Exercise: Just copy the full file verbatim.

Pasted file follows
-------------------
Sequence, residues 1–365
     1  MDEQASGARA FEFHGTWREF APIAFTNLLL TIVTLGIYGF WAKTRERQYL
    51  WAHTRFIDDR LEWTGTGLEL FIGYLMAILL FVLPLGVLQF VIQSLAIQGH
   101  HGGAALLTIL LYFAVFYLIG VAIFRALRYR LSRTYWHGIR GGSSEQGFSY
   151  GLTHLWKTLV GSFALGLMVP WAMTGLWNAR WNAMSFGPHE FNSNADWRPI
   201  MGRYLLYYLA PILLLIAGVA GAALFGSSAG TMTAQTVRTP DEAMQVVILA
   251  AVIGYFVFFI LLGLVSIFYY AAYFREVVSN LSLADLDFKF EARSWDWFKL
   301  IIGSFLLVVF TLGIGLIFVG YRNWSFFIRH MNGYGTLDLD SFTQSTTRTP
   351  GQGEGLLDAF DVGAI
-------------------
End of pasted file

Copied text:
Sequence, residues 1–365
     1  MDEQASGARA FEFHGTWREF APIAFTNLLL TIVTLGIYGF WAKTRERQYL
    51  WAHTRFIDDR LEWTGTGLEL FIGYLMAILL FVLPLGVLQF VIQSLAIQGH
   101  HGGAALLTIL LYFAVFYLIG VAIFRALRYR LSRTYWHGIR GGSSEQGFSY
   151  GLTHLWKTLV GSFALGLMVP WAMTGLWNAR WNAMSFGPHE FNSNADWRPI
   201  MGRYLLYYLA PILLLIAGVA GAALFGSSAG TMTAQTVRTP DEAMQVVILA
   251  AVIGYFVFFI LLGLVSIFYY AAYFREVVSN LSLADLDFKF EARSWDWFKL
   301  IIGSFLLVVF TLGIGLIFVG YRNWSFFIRH MNGYGTLDLD SFTQSTTRTP
   351  GQGEGLLDAF DVGAI